Discussions surrounding a national minimum wage were brought to the fore during a live television discussion with Minister within the Ministry of Finance Dr. Ubaldus Raymond on Wednesday evening.
Dr. Raymond was a guest on News Maker Live, when he was asked by one caller whether he thinks that the time has come for the new government to work towards implementing that initiative.
But the minister was quick to respond, downplaying the possible positive impact that it might have for low-income wage earners, and was quick to state some disadvantages of such an initiative instead.
“Do you know if government decides…any government, to implement a minimum wage it might be an issue sticking to the minimum wage? For example, if somebody is currently making $7 dollars an hour and the minimum wage ends up being $6, it may force the employer to go down to the minimum wage,” Dr. Raymond said.
The senator went on to state that the question lies in whether or not it should be left for the market to decide as to what an employer pays their employee (s).
“We believe that each individual should have a wage that they can live by,” he added.
However, another unidentified caller argued that the minister is suggesting that businesses will take advantage of that initiative to lower an employee’s salary, which he said he finds unacceptable.
“It can’t be. You can pay above that but not below that. The employer should not be allowed to do that regardless. A person should be paid commensurate with his experience,” he opined.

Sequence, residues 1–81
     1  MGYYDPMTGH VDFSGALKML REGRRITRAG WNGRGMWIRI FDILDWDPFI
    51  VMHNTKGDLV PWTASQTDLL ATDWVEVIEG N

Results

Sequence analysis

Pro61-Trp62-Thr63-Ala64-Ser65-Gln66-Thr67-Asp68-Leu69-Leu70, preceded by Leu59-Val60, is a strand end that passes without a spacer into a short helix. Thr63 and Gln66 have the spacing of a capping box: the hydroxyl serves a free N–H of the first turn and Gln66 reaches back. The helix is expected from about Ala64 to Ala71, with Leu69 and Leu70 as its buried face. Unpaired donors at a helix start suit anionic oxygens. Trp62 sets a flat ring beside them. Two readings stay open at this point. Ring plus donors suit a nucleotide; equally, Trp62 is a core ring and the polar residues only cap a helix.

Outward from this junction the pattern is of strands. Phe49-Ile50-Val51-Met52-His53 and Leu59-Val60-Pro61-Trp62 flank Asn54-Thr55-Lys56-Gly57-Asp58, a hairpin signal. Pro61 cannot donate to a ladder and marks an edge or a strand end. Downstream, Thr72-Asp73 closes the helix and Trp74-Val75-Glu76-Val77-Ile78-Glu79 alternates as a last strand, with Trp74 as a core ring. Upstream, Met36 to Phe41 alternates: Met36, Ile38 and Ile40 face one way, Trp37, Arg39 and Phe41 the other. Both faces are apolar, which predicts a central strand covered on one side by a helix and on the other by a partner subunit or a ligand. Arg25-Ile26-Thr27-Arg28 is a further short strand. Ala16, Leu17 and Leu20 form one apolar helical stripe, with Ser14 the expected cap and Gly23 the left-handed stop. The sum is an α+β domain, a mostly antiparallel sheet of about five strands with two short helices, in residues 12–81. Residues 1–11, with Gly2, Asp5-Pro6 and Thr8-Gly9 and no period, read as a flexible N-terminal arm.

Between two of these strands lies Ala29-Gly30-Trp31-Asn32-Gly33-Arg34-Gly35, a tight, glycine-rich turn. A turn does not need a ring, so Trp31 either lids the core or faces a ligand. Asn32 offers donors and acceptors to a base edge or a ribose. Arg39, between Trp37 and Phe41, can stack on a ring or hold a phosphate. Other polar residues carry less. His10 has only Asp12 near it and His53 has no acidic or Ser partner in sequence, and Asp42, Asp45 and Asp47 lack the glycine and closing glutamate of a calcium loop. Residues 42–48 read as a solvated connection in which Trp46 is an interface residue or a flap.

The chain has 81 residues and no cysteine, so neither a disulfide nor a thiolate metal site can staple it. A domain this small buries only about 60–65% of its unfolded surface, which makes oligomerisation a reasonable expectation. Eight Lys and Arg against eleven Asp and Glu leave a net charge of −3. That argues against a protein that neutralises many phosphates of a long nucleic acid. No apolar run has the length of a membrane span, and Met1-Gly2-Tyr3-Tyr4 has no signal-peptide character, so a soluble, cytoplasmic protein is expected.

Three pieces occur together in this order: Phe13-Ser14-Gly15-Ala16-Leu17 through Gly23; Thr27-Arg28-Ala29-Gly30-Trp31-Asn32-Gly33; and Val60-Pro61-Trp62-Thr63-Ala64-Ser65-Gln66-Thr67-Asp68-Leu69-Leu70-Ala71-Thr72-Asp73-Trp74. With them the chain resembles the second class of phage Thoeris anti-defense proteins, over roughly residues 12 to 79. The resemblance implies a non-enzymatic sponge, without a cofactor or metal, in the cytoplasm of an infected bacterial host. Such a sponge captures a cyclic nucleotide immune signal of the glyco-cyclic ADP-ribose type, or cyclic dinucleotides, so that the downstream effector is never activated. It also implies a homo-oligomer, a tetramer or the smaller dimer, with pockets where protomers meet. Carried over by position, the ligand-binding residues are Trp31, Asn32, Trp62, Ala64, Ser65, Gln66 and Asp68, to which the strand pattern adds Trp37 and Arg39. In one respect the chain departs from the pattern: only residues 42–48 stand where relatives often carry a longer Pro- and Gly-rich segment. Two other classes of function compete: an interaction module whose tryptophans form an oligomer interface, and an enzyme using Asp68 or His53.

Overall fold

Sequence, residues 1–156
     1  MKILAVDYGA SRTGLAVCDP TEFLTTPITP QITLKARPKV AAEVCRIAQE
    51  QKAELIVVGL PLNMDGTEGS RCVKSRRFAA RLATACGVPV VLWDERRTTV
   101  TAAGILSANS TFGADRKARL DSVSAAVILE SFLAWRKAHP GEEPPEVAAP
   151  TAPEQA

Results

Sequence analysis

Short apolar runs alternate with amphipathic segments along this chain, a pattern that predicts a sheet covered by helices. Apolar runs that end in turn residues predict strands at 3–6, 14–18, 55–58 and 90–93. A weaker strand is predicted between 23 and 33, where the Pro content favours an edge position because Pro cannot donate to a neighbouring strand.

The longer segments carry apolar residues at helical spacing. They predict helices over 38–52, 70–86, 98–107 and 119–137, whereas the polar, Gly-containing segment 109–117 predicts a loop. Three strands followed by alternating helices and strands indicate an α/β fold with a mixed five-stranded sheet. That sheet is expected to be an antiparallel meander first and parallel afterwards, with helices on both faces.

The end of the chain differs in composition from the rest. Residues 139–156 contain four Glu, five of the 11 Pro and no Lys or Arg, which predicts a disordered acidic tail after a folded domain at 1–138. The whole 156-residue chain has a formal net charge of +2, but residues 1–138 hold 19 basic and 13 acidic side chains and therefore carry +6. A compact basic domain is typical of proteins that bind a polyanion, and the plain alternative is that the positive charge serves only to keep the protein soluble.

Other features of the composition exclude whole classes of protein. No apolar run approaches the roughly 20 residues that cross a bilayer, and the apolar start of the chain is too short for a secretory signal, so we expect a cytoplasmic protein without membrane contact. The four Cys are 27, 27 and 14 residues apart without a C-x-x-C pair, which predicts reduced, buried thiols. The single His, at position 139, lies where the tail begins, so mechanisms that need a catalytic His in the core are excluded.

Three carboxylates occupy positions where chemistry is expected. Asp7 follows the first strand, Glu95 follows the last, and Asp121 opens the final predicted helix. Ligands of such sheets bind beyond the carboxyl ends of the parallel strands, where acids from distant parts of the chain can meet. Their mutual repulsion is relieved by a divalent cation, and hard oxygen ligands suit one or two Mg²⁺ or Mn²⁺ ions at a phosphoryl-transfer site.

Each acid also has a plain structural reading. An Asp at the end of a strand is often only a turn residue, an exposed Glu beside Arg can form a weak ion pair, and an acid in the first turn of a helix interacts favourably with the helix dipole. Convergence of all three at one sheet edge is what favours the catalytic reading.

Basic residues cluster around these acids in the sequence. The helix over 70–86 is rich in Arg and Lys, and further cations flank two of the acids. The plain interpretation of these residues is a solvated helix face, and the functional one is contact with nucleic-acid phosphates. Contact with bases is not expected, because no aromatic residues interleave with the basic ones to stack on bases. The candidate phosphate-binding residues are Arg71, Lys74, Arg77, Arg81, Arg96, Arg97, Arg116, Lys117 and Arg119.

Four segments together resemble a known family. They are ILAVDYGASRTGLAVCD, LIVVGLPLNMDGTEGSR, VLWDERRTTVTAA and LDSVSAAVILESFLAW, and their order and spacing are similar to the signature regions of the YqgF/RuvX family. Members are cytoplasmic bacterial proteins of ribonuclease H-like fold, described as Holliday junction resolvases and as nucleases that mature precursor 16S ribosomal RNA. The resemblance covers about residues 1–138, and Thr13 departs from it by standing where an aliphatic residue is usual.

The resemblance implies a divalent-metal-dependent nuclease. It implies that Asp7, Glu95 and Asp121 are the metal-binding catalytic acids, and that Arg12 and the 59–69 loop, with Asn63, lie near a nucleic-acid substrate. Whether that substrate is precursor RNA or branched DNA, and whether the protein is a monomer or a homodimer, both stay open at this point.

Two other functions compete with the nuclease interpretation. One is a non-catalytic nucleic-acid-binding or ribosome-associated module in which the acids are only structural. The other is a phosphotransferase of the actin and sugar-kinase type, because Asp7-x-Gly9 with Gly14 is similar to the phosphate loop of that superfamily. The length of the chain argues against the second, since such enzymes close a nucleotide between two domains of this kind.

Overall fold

Dr. Raymond then jumped in to defend his earlier comments stating that he was referring to a new business, explaining that while some may want to pay workers above the minimum wage, others might be tempted to use the policy to their advantage.
On page 28 of the United Workers Party (UWP) manifesto, it speaks about resuming the initiative to establish a national minimum wage for workers of Saint Lucia, which was being pursued during the party’s last term in office.
A national minimum wage sets the minimum hourly wage rate that is acceptable in law.
The long-term aim of a minimum wage is to remove the problem of poverty pay, which exists when the earnings from paid work do not result in a living wage and fail to push people out of poverty.
For some countries, a high minimum wage can cause price inflation as firms pass on the higher wages in higher prices. It can also lead to falling employment, as demand contracts, and rising unemployment as supply extends. The labour market may also become inflexible in response to changes in the rest of the economy.
But there are also clear advantages, which include, less worker exploitation by the labour market; poverty may be reduced as the low paid gain more income, and the unemployed may be encouraged to join the labour market.
And most importantly, greater equity will be achieved, and the distribution of income between the high paid and the low pay may be narrowed.